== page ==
Last week the NPD Group reported that video game sales in the month of April had fallen 42% year over year. The news seemed to put an exclamation point on the death sentence of the era of console gaming. Ironically the demise of the big studio game comes at a time when the tablet craze has made gaming more popular than ever.
Though freely conceding the "April data was troubling," Wedbush analyst Micheal Pachter says all is not lost, at least for the legacy players. The $1 download Bird-based games get all the attention but "the hardcore gaming audience is bigger now than it ever has been," he says.
By "hardcore" Pachter means game players plugged into immersive online worlds, facing off in various battles and, more importantly for the companies, paying monthly subscription rates to do so. These titles represent captive audiences with a level of dedication seen no where else in entertainment, as evidenced by the server-jamming hype surrounding the release of Blizzard's "DiabloIII" earlier this week.
A division of Activision, Blizzard also runs the enormously profitable World of Warcraft and Call of Duty. Three of the reasons Pacther points out that Activision has increased earnings for over a decade straight, a feat almost unheard of in any other type of entertainment production realm.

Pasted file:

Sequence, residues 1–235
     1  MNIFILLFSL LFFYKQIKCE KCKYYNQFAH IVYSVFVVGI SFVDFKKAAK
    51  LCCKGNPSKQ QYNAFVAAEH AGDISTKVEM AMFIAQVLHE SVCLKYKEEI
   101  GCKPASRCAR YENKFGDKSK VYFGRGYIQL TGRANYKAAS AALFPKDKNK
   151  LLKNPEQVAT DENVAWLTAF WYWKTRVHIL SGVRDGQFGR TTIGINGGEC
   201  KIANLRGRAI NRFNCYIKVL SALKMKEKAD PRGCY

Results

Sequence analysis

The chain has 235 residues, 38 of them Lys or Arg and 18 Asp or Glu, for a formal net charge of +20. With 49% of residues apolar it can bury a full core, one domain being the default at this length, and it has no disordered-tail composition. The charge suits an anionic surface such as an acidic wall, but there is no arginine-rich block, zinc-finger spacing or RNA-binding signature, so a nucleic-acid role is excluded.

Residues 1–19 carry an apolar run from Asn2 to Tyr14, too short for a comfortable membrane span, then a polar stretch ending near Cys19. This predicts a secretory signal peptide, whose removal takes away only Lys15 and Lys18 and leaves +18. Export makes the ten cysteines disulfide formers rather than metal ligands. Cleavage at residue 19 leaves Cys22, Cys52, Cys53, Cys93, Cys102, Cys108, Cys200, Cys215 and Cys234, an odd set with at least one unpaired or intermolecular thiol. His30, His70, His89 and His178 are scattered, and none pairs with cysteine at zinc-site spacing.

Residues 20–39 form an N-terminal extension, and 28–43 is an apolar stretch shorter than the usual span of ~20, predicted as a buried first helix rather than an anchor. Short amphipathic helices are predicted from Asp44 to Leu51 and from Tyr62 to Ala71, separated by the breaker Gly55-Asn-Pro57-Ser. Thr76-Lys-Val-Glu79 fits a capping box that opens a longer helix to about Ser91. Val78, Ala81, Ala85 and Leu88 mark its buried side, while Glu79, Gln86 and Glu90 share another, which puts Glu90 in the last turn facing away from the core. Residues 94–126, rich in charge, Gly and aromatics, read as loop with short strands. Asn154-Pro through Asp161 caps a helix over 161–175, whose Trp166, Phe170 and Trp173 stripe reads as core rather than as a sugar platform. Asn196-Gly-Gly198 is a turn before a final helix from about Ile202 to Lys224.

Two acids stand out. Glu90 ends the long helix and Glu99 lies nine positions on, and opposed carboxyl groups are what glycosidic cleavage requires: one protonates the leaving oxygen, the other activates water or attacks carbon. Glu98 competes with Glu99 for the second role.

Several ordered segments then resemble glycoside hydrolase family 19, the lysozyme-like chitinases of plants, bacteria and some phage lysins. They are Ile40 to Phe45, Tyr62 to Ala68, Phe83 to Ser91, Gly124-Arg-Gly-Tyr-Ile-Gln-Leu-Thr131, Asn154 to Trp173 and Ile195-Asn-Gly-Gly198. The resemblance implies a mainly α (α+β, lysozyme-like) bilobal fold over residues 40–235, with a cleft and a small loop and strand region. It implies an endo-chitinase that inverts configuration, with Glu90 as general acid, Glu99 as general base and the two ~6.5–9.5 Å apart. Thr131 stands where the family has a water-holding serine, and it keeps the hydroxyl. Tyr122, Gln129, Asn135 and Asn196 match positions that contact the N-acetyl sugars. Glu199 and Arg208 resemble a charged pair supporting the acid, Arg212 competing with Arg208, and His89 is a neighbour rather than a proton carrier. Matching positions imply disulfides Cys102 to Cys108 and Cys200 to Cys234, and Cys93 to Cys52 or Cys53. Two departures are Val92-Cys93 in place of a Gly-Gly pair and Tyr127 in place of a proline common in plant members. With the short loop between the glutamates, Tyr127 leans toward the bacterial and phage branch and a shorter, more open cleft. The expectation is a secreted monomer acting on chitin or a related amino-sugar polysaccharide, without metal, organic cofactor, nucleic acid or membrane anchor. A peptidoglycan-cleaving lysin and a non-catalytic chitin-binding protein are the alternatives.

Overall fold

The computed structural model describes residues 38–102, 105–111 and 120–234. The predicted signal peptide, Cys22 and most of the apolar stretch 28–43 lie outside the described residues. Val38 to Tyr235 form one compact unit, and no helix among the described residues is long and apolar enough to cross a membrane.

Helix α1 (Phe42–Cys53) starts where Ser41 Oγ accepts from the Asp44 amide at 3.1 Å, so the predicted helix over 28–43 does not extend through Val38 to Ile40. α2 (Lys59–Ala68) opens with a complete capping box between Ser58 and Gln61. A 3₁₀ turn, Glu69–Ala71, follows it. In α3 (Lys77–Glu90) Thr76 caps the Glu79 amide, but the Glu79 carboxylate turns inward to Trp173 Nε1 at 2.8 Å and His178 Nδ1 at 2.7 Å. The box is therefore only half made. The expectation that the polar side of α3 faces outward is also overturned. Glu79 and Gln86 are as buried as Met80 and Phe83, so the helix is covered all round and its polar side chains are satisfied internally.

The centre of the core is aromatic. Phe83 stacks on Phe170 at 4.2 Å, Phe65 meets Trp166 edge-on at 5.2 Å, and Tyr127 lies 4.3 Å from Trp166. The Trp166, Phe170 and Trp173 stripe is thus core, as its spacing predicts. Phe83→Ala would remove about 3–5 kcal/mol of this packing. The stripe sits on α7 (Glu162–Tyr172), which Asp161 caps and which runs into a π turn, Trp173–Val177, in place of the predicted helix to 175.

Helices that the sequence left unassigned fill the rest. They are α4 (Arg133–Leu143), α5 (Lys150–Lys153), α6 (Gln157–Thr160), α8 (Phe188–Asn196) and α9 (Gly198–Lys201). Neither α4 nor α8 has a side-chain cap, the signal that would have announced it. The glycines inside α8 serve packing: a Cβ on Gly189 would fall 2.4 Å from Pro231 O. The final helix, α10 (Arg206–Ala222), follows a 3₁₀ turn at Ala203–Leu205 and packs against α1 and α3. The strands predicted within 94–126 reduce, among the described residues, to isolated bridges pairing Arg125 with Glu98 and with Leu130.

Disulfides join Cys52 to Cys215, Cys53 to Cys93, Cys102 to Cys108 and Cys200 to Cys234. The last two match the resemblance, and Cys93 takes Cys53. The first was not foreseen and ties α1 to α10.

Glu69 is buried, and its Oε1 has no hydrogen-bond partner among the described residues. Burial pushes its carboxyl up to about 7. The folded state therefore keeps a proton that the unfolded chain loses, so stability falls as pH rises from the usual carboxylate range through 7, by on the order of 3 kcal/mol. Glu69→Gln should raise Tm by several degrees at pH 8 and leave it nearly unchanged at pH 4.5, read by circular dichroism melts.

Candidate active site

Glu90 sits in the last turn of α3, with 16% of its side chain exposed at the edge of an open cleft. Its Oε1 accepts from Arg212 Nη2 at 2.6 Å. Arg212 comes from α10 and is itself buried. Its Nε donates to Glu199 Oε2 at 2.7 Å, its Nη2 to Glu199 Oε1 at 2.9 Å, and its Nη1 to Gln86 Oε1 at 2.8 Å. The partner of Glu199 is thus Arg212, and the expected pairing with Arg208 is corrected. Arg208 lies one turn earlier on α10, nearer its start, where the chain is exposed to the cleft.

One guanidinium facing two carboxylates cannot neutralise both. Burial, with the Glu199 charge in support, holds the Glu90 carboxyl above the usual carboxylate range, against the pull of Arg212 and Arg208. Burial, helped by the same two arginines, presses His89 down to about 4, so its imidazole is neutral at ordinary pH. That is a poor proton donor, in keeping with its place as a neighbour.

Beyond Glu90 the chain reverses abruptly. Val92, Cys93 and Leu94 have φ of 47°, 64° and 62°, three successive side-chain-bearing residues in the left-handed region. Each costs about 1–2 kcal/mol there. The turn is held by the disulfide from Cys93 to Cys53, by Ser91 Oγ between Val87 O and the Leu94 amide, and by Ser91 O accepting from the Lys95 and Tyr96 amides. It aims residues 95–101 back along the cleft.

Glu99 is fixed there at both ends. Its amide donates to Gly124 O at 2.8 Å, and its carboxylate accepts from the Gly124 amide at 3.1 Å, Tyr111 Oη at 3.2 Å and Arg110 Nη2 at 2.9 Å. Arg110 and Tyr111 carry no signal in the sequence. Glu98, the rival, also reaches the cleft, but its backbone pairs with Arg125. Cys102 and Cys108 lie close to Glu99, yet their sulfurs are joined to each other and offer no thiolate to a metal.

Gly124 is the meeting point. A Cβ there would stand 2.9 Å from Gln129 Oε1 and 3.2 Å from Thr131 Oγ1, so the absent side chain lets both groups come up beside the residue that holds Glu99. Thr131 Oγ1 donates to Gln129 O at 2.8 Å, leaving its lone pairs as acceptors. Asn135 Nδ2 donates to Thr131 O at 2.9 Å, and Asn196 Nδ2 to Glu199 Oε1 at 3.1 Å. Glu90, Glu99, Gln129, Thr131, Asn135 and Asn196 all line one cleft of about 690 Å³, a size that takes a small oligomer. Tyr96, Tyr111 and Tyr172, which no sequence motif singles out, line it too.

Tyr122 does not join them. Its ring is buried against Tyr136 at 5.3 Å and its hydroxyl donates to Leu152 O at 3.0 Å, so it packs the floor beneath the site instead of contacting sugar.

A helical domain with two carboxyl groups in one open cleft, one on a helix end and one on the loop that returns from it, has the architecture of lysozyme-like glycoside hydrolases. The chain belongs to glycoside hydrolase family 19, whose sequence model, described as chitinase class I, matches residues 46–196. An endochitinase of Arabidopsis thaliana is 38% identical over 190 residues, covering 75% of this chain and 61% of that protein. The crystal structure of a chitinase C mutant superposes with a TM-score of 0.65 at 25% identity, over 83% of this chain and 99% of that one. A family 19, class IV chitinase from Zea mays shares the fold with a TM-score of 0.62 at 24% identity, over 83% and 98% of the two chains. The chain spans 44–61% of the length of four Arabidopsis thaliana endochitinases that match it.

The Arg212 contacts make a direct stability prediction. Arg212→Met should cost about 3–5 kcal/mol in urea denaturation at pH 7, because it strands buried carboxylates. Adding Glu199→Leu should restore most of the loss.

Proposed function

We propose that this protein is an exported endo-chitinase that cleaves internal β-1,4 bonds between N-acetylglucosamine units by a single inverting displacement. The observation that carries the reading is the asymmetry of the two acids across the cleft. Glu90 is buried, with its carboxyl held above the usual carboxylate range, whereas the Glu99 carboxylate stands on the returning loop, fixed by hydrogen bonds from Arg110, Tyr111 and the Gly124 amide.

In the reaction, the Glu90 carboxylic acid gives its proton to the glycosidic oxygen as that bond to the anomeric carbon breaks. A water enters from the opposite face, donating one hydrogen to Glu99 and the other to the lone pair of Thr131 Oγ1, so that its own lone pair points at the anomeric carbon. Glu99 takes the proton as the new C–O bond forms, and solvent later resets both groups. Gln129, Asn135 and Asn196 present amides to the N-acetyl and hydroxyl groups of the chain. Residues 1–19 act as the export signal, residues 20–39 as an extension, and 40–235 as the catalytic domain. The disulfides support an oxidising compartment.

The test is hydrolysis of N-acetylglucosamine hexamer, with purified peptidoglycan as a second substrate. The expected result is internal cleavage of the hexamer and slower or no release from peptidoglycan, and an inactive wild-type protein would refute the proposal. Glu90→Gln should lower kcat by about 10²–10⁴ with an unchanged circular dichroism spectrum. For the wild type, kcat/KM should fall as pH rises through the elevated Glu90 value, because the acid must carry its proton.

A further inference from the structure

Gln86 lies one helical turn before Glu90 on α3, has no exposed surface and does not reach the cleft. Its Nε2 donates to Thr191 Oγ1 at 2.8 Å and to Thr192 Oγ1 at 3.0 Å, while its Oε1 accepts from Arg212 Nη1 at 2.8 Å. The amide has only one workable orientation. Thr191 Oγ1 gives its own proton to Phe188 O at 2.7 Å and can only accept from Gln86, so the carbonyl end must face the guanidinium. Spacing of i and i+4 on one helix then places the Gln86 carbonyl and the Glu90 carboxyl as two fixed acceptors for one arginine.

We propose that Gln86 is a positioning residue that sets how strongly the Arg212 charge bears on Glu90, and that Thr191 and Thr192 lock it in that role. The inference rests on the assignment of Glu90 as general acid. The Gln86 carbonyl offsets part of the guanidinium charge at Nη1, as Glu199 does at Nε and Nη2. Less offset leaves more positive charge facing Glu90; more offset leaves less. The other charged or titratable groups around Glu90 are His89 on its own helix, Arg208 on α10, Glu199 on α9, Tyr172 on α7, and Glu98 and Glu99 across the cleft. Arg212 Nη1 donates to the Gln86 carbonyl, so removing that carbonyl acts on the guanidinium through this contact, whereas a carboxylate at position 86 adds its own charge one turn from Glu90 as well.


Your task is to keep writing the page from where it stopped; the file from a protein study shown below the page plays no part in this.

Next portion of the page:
Electronic Arts is about creating franchise titles. Madden, Tiger Woods, FIFA are all games EA "wants people to buy more than once." The strategy is working though, as is obvious from Electronic Arts and Activision's market caps, the Street isn't paying much attention.
For the sake of perspective note that Finnish gamemaker Rovio (aka: The Angry Birds Company) recently announced total revenues of just over $100 million last year, including plush toys. The company is being discussed as a potential $9 billion IPO. EA's current market cap is roughly half that amount.
Pachter says EA and Activision are never going to trade at 25x P/E rates that you see from fast growth companies but they're delivering growth rates at least along the lines of GDP. From that perspective he says the names are cheap at about 10x earnings (after charges). A move to a market multiple of about 15x earnings would suggest stock prices 50% higher than current levels. Pachter thinks we could see those gains "in the next year or so."
If he's right it would give struggling investors a huge "level up" from what they've been finding in markets over the last few years.